Surgery remains the standard treatment for medically operable patients with early-stage non-small cell lung carcinoma (NSCLC). Following surgical resection, adjuvant chemotherapy is recommended for large tumors > 4 cm. For unfit patients, stereotactic body radiation therapy (SBRT) has emerged as an excellent alternative to surgery. This study’s aim was to assess patterns of recurrence and discuss role of chemotherapy after SBRT for NSCLC.
Materials and Methods
We reviewed patients treated with SBRT for primary early-stage NSCLC between 2009 and 2015. Total target doses were between 50 and 60 Gy, administered in 3 – 8 fractions. All patients had a staging FDG PET/CT and histologic confirmation was obtained whenever possible. Mediastinal staging was performed if lymph node involvement was suspected on CT or PET/CT. Survival outcomes were estimated using the Kaplan-Meier method.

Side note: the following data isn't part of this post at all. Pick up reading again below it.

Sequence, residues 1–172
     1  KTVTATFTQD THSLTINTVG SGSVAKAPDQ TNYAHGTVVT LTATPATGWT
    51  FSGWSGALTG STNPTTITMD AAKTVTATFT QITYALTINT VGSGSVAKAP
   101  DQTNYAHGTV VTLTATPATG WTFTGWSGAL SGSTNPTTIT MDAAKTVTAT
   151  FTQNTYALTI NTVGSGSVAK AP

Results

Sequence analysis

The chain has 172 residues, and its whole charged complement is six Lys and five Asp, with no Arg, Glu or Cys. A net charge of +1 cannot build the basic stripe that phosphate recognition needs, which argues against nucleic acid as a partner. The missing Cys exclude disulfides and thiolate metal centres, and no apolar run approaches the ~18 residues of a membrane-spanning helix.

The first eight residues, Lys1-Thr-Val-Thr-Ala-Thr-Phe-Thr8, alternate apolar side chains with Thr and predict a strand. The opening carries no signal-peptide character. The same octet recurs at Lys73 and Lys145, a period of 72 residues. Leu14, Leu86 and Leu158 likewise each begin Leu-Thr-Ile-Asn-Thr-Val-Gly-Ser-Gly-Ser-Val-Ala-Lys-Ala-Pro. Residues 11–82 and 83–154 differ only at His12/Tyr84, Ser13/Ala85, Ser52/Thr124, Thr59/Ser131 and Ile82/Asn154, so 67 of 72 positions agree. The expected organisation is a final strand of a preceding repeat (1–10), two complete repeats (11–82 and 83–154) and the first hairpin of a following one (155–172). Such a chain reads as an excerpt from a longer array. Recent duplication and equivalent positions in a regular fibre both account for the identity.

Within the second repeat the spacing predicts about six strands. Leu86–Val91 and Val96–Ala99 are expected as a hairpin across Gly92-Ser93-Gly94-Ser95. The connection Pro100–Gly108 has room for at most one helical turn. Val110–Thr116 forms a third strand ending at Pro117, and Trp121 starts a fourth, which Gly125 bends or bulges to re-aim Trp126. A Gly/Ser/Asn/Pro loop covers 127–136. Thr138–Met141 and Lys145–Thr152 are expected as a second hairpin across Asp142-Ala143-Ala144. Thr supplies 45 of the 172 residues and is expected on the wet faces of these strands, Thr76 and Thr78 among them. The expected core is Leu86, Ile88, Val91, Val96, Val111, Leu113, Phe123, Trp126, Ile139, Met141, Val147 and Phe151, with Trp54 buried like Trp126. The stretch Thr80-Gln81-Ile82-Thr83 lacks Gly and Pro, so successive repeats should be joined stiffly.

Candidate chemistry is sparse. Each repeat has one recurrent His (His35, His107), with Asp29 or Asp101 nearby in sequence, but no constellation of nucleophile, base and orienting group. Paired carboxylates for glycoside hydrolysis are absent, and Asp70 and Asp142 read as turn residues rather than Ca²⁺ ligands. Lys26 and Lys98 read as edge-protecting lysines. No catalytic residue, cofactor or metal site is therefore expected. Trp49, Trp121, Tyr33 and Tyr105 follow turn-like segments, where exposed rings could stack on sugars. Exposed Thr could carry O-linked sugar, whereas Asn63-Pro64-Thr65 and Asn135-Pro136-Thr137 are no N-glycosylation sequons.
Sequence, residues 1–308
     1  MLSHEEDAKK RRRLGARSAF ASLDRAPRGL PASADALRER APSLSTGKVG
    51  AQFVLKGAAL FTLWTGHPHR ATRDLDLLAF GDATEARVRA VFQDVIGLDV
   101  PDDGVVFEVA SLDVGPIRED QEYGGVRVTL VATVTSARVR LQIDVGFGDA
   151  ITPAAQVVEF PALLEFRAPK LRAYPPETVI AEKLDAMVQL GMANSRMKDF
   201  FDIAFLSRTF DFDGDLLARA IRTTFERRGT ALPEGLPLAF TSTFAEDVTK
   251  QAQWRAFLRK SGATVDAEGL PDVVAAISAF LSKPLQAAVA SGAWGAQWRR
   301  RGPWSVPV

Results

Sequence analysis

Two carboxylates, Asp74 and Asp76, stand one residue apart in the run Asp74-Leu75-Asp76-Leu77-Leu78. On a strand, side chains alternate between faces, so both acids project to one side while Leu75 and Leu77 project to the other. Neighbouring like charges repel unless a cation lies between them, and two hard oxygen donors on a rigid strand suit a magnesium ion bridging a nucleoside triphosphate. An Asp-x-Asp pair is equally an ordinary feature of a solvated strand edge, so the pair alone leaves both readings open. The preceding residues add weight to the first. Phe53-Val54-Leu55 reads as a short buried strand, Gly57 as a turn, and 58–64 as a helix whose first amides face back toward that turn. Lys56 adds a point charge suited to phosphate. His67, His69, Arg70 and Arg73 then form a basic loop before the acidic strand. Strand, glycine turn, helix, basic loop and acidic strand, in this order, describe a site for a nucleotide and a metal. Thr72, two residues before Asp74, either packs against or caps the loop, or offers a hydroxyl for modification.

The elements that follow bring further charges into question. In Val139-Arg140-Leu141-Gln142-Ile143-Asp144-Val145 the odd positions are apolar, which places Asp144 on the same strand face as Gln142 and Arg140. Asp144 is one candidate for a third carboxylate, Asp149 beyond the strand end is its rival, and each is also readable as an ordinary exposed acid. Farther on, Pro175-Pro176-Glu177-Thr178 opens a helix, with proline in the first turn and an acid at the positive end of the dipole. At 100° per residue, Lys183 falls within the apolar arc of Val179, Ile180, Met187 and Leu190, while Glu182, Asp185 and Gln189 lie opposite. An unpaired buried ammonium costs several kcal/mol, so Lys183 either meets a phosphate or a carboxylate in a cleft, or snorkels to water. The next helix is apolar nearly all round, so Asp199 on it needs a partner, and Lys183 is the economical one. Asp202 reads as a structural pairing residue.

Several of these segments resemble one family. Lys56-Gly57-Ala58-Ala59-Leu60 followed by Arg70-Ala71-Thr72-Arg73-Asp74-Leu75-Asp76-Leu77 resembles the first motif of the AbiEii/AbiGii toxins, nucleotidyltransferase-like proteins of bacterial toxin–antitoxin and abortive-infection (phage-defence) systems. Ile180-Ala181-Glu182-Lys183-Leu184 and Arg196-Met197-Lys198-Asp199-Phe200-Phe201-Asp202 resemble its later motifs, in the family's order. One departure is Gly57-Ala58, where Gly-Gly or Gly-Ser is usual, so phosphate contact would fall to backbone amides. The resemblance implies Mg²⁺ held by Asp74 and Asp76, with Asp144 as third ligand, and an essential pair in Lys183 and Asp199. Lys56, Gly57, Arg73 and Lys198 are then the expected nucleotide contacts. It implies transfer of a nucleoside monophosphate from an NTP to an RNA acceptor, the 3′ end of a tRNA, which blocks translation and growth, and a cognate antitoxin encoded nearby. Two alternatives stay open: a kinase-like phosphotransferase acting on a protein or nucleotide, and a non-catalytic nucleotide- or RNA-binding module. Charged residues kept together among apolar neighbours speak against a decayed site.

Among the 559 NSCLC early-stage patients treated with SBRT, 121 patients were stage T2N0. The 1-year and 3-year overall survival rates were 88% and 70% for patients with T2 disease, compared to 95% and 81% for the T1 patients (p<0.05). The 1-year and 3-year local control rates were equal in both groups (98% and 91%). In T2 patients, 25 (21%) presented a relapse, amongst which 21 (84%) were nodal or distant.
Lung SBRT provides high local control rates, even for larger tumors. When patients relapse, the majority of them do so at regional or distant sites. Adjuvant treatment should be considered following SBRT for larger tumors.